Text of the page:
The open­ing of re­gion’s first JOHN VARVATOS store is about to make a lot of noise


The man bring­ing lux­ury Rock ’n’ Roll style to menswear in the Gulf

RENOWNED FOR ITS LUX­URY ROCK ’N’ ROLL sen­si­bil­i­ties, the John Varvatos brand’s de­but in the Gulf has been one of the most hotly an­tic­i­pated store open­ings in the past year. Specif­i­cally fo­cused on men with a re­bel­lious side, the New York brand has brought its full range of menswear, ac­ces­sories and fra­grances to its flag­ship Dubai Mall store and — ac­cord­ing to the man him­self — things are just get­ting started...

ESQUIRE: First off, con­grat­u­la­tions on the new store. As it’s the first to open in our re­gion, are there any hall­marks of the brand that peo­ple should be aware of? JOHN VARVATOS:

The main thing with the John Varvatos brand is that it is a mas­cu­line, men’s only brand. We’re also a full life­style brand, which means we do ev­ery­thing from for­mal to jean­swear ca­sual to footwear, ac­ces­sories and fra­grances. There seems to be very few other brands in the Dubai Mall’s Fash­ion Av­enue that are fo­cused only on men, so that im­me­di­ately makes us stand out.

ESQ: Is it sim­pler de­sign­ing just for men?

JV: Be­ing able to fo­cus purely on men, means we can have more clar­ity with our mes­sage. In gen­eral, guys like to con­nect with the DNA of a brand. They want to know if your ide­ol­ogy matches theirs, and if so they tend to be crazy loyal. If your jean fit is right for them, then you have them for life. Guys tend to find their look and then over time evolve it. It’s not a rev­o­lu­tion with guys, it’s an evo­lu­tion.

ESQ: Due to the kind of pieces you of­fer, it’s weird to think of John Varvatos as a ‘fash­ion’ brand. JV: I agree. Per­son­ally,

I see us as more of a ‘Style’ brand, not a ‘Fash­ion’ brand. Even though we do run­way shows and peo­ple re­fer to us as part of the fash­ion world. The clothes we do are things that gen­uinely en­dure, pieces that you can pull out of your closet in five years’ time and will feel even bet­ter. We’re not try­ing to change the world, there’s a lot of crazy sh*t hap­pen­ing out there… we just make clothes. If we can help make a man feel con­fi­dent, sexy, strong or what­ever, then there is noth­ing wrong with that. ESQ: How has the brand evolved since it started nearly 20 years ago?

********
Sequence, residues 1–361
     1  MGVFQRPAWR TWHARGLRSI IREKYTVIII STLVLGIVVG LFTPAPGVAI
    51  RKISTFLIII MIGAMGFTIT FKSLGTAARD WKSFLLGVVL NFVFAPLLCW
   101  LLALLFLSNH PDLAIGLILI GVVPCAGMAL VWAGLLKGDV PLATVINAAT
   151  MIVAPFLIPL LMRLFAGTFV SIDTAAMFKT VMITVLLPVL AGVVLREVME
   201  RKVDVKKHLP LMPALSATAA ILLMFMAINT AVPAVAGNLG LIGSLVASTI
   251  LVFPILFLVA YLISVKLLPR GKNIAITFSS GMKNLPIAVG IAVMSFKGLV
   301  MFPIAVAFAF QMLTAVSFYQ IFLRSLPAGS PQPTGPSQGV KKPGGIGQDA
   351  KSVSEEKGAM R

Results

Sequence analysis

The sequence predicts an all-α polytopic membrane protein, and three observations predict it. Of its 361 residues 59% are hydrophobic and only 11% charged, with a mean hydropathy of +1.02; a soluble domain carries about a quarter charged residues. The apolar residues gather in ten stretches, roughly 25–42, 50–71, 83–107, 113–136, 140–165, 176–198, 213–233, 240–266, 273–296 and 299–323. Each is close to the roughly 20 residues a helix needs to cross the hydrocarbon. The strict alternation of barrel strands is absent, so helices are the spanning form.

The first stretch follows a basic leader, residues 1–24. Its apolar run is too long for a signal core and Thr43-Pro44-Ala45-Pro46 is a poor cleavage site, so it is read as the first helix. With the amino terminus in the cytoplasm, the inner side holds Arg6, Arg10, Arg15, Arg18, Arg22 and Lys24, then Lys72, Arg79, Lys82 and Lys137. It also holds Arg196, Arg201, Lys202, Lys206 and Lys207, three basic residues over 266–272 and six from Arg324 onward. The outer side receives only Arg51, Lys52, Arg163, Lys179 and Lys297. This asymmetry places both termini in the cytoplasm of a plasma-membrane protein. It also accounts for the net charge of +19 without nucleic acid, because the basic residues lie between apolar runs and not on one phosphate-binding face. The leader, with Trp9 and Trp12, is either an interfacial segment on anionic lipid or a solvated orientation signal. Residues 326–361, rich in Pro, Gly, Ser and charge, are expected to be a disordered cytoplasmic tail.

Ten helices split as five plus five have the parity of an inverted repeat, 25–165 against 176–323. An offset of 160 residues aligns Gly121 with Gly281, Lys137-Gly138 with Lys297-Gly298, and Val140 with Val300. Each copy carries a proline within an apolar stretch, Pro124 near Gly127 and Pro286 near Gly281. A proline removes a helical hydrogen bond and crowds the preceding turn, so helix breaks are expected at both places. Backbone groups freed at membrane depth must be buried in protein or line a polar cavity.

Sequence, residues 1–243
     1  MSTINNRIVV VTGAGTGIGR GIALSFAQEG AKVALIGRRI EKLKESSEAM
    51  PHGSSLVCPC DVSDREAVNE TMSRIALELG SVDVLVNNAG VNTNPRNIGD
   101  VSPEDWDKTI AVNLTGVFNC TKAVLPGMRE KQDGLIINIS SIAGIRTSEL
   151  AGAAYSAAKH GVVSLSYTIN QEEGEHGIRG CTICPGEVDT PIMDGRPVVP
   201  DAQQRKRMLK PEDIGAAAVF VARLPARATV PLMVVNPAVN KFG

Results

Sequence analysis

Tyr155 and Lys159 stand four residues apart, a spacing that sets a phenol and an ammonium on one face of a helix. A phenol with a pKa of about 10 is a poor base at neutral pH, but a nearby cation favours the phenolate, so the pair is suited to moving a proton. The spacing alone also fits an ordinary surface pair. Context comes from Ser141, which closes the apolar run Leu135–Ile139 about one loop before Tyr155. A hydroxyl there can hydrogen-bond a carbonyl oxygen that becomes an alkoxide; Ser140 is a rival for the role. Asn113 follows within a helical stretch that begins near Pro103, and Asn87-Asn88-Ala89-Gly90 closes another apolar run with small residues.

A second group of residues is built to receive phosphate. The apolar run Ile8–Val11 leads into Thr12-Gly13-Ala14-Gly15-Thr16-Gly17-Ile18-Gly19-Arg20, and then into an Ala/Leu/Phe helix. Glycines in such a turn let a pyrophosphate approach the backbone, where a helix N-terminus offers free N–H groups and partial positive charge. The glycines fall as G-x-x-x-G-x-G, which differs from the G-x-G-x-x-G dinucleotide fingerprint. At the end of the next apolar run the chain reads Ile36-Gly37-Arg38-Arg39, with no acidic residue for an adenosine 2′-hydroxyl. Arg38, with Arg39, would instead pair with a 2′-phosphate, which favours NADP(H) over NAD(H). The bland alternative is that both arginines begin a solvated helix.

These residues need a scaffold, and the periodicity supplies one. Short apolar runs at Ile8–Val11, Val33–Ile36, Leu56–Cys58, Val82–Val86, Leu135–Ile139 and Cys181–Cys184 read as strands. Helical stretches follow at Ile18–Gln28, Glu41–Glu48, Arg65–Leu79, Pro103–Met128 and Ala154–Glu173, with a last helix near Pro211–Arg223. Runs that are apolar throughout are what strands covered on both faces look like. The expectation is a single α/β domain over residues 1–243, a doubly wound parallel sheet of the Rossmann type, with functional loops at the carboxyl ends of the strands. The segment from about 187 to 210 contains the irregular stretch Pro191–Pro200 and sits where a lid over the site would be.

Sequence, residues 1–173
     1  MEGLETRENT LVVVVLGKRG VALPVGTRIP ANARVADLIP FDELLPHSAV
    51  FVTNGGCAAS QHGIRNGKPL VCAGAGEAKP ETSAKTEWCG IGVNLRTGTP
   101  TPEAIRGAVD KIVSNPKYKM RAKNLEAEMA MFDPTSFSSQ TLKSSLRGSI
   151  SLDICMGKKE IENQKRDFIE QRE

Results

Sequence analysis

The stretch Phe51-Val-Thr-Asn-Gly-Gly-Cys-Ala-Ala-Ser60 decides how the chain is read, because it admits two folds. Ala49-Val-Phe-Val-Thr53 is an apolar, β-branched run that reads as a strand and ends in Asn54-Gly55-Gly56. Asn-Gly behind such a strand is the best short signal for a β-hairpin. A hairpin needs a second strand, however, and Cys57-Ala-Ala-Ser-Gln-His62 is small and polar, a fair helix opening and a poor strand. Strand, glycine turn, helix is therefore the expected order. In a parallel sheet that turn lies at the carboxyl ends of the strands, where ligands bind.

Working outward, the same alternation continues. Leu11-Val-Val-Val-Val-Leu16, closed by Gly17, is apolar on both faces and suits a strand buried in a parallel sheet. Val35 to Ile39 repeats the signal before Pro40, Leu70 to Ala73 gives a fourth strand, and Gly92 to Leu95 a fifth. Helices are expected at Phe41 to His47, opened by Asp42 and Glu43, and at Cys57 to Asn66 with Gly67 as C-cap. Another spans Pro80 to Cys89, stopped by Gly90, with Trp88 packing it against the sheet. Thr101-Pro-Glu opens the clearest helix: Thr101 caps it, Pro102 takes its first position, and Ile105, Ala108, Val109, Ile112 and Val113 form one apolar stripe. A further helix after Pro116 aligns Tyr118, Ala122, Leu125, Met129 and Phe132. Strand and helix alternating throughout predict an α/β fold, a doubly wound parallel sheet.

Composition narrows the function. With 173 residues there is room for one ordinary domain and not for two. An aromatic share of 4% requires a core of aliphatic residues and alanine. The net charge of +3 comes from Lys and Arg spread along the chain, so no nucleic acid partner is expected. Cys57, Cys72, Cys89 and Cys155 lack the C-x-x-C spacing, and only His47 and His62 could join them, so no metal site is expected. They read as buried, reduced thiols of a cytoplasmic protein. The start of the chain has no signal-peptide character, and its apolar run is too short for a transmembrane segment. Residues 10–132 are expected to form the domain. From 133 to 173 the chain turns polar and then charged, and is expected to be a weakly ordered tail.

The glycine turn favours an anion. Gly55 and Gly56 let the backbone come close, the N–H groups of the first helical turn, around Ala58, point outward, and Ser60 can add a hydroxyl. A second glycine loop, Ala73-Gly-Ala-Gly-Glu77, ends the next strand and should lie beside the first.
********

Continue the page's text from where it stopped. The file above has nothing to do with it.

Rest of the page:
JV: Like any­thing in life, I think you learn and adapt, but the DNA has re­mained the same. I don’t think we look like any­body else. I’ve seen other brands change to em­brace streetwear or chase Gucci, and I’ve seen them lose their orig­i­nal cus­tomer base. Sure, we’ve had to evolve but there is al­ways that com­mon thread that runs through us, with­out ever hav­ing to put a logo on it.

ESQ: You men­tioned the brand’s DNA, a core el­e­ment of which is its ‘re­bel­lious’ spirit. How do you keep that while also be­com­ing com­mer­cially suc­cess­ful in­ter­na­tion­ally? JV: It’s not easy. There are some days I walk out of meet­ings shak­ing my head, but it’s a bal­ance. That re­bel­lious el­e­ment de­fines the brand. To­day I think the cul­ture is still 93 per­cent re­bel­lious. We’ve worked with a lot of mu­si­cians like Iggy Pop, Green Day and even re­cently with Ma­chine Gun Kelly, and what we’ve found in com­mon is that if you let peo­ple put you in a box — be­cause it is guar­an­teed to make you suc­cess­ful or what­ever — then you will lose what it was that made you spe­cial in the first place.